manager helping her team
Workplace strategy
5 min read

The role of a workplace experience manager: defined

What’s changed in your workplace over the last 18 months? It’s a big question to ask — with many, varied answers. A workplace experience manager specializes in managing workplace change and ensuring that the workplace continues to fulfill the needs of the organization and the staff as a whole.

The role can be a challenging one. But it’s essential for modern businesses, especially when responding to macro trends and crises as we have in the last year.

If you’re figuring out the best way to return to the office or implement hybrid, flexible working, check out our recent webinars.

To optimize your workplace experience, make rooms, desks and other resources bookable in advance. That way you can leverage utilization data to create your ideal employee experience. To see how it works book a demo.

What is a workplace experience manager and what do they do?

A workplace experience manager is primarily responsible for making sure that time spent in the office is the best experience it can be. This is both in terms of the value for the company and the experience of the employee.

It falls to the workplace experience manager to oversee all aspects of the working environment. This can range from the physical layout of the office space to the technologies that enable collaboration and even facilitating the interpersonal relationships that drive creativity.

The most important skill for a workplace experience manager is the ability to look at such a disparate range of variables and integrate them into a coherent and cohesive workplace experience. This means paying attention to even the smallest details of the workplace experience and understanding the ripple effects that might cause.

The best workplace experience managers are also highly aware of the needs of different employees. This might mean that different teams need to work in subtly different ways, but can also extend to understanding issues of diversity, inclusion and equity — ensuring that policies and procedures are empowering for everyone. A workplace experience manager needs to be able to put themselves into everyone else’s shoes, showing both empathy and imagination.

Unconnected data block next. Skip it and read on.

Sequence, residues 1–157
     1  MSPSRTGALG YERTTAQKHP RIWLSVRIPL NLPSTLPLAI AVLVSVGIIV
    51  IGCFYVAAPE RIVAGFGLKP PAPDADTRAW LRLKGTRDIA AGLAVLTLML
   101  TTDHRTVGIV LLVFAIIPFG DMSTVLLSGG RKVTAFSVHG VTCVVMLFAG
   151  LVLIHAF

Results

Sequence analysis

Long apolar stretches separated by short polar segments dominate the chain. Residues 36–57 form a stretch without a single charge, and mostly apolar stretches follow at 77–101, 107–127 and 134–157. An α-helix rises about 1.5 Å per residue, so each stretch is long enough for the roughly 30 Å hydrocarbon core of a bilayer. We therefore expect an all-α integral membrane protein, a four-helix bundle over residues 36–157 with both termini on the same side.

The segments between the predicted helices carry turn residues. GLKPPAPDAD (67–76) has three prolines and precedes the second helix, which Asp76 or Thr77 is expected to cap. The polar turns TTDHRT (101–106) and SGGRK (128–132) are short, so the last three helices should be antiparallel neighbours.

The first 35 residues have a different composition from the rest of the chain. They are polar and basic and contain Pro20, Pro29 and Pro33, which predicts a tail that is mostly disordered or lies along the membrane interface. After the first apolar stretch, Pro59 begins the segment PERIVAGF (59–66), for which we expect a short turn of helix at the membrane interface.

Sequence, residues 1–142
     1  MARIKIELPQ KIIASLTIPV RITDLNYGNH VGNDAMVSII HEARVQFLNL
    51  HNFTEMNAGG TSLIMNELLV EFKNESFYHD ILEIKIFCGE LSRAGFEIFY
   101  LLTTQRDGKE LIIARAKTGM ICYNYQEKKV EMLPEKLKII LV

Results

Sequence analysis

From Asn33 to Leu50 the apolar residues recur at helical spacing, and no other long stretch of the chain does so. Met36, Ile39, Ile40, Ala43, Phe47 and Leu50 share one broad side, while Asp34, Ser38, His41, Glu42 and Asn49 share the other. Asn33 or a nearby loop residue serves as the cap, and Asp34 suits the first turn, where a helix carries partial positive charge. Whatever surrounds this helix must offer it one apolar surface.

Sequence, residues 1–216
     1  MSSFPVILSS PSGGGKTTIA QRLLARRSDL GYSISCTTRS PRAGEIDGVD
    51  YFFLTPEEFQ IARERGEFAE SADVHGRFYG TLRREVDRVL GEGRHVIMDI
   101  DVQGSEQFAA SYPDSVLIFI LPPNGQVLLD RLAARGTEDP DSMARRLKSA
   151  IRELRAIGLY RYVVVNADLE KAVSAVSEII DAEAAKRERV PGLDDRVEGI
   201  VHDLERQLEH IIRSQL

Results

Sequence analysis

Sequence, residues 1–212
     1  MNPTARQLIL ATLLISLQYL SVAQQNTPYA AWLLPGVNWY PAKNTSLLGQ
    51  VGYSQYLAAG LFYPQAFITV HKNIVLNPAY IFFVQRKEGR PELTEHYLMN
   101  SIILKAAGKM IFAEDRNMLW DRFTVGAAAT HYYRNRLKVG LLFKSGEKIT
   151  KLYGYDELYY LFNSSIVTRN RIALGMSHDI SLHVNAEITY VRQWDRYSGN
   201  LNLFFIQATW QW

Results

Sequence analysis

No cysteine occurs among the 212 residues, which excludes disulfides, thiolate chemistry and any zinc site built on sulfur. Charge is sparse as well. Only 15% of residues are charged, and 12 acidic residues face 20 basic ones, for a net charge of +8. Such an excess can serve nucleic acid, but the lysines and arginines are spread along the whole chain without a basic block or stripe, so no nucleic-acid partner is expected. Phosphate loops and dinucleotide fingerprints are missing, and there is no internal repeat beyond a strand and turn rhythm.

One of the key deliverables for a workplace experience manager is employee engagement and loyalty. High-quality talent is an essential resource, and employers need to balance getting the most out of our talent, attracting new talent, and avoiding burnout and high turnover. 

To learn more about how to create an effective workplace strategy, check out this blog post.

Does the workplace experience need managing?

Workplace experience management is a relative newcomer to the senior management team — and some may even argue it’s not entirely needed. 

How do you know whether your workplace experience needs managing and what are the benefits of investing in this area?

Engagement and productivity

Higher employee engagement leads to higher productivity and a closer focus on the customer experience. These are all absolutely essential for a business to succeed. Evidence suggests that each disengaged employee costs businesses around 34% of their annual salary in lost revenue, and, globally, 59% of employees are actively or passively disengaged.

Having a single member of the management team dedicated to understanding and addressing issues with engagement can have a dramatic impact on productivity, as well as on employee well-being.

Navigating hybrid working

If hybrid working is set to become the new normal, we need to learn how to get it right — and soon! Hybrid working can present challenges that fully remote teams don’t face. For example, how can you ensure that remote staff still have the same opportunities as office-based staff? How can we evaluate team members fairly? How can you build a sense of solidarity and identity?